April 16, 2016 –
Most of us don’t give a second thought to what’s in our printers. We should think again.
Racist, anti-Semitic rants recently spewed out of printers at more than a dozen colleges across the country, from Princeton to the University of California, Berkeley.
As a New York Times article pointed out, the hater hacker didn’t mean to print his manifesto on every campus. He intended to print it from every single publicly accessible printer in the US.
An April article in Slate Magazine also discussed the dangers of using sophisticated, often shared printers and other devices over wireless networks.
Fret about the real threat
The flier frenzy, launched by an American neo-Nazi in Abkhazia near Russia, was a disturbing reminder of how vulnerable our interconnected devices are.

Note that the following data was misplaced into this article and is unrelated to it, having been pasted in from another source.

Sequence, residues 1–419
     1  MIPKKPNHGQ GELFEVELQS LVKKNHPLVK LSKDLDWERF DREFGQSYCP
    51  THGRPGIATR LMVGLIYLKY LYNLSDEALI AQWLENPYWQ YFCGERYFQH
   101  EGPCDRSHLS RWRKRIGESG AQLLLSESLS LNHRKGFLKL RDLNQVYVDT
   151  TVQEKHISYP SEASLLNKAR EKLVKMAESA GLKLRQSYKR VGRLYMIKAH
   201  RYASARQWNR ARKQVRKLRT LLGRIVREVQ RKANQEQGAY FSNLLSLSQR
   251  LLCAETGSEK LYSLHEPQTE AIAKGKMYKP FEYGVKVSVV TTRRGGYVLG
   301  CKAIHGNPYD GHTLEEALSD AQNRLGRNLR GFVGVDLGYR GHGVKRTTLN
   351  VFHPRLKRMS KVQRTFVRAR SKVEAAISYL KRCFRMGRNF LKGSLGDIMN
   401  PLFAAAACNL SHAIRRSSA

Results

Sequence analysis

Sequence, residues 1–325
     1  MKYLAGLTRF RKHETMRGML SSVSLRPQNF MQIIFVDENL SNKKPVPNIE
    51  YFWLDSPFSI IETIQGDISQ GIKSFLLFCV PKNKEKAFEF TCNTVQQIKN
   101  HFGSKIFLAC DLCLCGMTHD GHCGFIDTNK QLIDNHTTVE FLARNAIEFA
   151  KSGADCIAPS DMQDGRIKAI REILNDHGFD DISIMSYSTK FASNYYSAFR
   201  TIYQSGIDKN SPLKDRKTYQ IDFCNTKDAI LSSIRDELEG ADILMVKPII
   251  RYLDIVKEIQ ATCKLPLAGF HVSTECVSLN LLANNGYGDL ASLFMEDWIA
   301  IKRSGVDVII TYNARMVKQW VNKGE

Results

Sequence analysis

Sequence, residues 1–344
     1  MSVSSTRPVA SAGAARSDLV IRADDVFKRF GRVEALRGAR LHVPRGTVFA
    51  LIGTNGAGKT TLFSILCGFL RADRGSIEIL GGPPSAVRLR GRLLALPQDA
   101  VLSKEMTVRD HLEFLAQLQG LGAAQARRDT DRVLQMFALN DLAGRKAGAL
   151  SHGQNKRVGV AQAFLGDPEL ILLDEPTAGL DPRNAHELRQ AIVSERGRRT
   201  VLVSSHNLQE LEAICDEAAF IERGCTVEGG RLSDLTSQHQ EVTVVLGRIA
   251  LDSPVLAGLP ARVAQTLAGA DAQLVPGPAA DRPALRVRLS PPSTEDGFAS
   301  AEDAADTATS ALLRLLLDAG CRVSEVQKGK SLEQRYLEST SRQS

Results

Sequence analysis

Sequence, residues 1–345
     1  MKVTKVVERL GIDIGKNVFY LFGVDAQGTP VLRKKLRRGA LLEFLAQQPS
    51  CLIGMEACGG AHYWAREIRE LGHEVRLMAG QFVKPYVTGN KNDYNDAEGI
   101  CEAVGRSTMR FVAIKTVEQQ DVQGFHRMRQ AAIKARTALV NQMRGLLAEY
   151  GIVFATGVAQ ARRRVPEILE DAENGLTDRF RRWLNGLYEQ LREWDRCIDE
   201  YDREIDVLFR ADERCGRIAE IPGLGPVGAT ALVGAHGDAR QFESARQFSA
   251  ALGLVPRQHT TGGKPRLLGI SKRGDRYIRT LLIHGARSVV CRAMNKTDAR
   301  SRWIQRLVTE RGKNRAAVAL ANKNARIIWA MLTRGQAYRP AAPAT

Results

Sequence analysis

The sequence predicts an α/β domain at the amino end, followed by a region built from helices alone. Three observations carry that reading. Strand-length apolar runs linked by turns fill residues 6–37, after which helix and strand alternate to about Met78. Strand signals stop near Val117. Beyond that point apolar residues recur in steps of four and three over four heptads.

The Swiftsure Group recently shared some insight about the role of total asset lifecycle management in mitigating risks of the IoT. The focus was on data centers, where zombie servers devour resources, and healthcare facilities, home to the undud – fully functional but unaccounted-for equipment.
Printers, servers, monitors, scanners and copiers all transmit, and store, data. Organizations often overlook them, and the information they contain, exposing themselves to data loss, heavy financial penalties and costly regulatory noncompliance. (HIPAA and Sarbanes-Oxley come to mind.)
Most trolls and hackers aren’t looking to hijack equipment to broadcast radical views. They want to steal data.
While encryption, firewalls and remote access safeguards are crucial to security, data-containing devices can’t be protected if they can’t be located. That’s why a sound asset management system must track assets from acquisition through end of life and equipment destruction. An accurate, reliable, affordable solution uses sensor technology such as RFID to automatically identify and locate at-risk assets.